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THE FIRST few days were like lying in a boat.
Drifting, drifting, I watched the high sunlit
windows or the firelight that flickered and glowed on
the ceiling when the ward was falling asleep. Outside
the hospital a late spring was invading the home-
service world. Trees were misty green and sometimes
I could hear a blackbird singing. Even the screech
and rumble of electric trams was a friendly sound;
trams meant safety; the troops in the trenches thought
about trams with affection. With an exquisite sense
of languor and release I lifted my hand to touch the
narcissuses by my bed. They were symbols of an
immaculate spirit—creatures whose faces knew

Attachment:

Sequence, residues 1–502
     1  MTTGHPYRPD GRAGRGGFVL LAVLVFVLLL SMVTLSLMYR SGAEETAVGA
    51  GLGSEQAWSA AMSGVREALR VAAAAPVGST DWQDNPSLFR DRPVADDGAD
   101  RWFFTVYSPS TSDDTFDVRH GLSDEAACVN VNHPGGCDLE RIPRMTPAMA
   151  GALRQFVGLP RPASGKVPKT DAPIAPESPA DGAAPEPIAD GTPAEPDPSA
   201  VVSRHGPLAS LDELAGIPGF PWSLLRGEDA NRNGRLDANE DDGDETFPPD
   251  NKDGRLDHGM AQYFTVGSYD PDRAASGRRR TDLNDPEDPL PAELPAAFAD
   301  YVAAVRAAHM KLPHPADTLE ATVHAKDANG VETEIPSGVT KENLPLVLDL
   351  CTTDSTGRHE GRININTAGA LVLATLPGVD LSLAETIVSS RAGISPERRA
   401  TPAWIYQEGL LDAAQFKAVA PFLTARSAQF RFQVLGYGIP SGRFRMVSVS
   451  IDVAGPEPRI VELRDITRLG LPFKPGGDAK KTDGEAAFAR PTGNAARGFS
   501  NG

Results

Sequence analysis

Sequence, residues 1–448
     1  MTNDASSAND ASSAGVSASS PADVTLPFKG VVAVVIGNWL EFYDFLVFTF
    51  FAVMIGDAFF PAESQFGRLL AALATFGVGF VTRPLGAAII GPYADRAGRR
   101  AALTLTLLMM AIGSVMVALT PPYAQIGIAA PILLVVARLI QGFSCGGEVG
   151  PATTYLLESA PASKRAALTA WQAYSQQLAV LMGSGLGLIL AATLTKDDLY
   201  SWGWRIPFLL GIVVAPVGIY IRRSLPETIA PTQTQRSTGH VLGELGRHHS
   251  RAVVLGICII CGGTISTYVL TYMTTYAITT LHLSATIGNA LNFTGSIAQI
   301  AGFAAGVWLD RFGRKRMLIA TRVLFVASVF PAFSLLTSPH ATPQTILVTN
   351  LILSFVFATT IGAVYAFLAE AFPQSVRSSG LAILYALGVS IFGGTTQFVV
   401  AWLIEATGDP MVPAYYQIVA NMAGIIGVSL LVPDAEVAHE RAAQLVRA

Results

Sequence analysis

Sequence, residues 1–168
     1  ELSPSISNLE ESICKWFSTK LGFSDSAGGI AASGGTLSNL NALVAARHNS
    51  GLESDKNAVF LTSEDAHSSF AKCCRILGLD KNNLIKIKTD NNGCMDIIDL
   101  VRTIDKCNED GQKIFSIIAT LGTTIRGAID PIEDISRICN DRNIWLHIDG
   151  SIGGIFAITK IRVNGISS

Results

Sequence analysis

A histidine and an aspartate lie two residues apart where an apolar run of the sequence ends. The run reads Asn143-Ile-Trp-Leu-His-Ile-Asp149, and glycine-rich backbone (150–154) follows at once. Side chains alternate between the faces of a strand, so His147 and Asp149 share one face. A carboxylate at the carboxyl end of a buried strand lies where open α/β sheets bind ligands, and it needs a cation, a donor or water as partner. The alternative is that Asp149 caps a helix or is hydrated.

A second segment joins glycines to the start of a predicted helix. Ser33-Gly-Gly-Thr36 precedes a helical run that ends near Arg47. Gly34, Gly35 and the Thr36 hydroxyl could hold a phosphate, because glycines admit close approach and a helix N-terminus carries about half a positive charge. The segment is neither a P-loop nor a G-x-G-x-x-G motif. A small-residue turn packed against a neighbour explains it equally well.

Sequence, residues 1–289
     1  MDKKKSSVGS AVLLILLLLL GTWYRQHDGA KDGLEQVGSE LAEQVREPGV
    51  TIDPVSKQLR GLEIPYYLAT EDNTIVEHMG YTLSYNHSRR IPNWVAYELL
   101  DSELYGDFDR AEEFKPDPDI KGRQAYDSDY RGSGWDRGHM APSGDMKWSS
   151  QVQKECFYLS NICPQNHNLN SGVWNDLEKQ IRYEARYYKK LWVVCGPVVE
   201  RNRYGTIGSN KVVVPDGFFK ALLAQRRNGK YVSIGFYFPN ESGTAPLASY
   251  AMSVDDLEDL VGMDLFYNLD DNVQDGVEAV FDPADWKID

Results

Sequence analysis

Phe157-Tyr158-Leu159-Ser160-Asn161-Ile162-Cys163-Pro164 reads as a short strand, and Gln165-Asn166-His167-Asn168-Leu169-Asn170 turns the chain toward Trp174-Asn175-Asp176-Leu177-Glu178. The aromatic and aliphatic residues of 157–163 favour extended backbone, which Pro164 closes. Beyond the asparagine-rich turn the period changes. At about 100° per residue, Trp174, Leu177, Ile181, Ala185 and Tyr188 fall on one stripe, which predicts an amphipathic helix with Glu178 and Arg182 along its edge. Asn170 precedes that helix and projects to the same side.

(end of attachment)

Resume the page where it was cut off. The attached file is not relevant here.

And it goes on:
nothing of War's demented language.

For a week, perhaps, I could dream that for me the
War was over, because Fd got a neat hole through me
and the nurse with her spongings forbade me to have
a bath. But I soon emerged from my mental immun-
ity; I began to think; and my thoughts warned me
that my second time out in France had altered my
outlook (if such a confused condition of mind could
be called an outlook). I began to feel that it was my
privilege to be bitter about my war experiences; and
my attitude toward civilians implied that they
couldn't understand and that it was no earthly use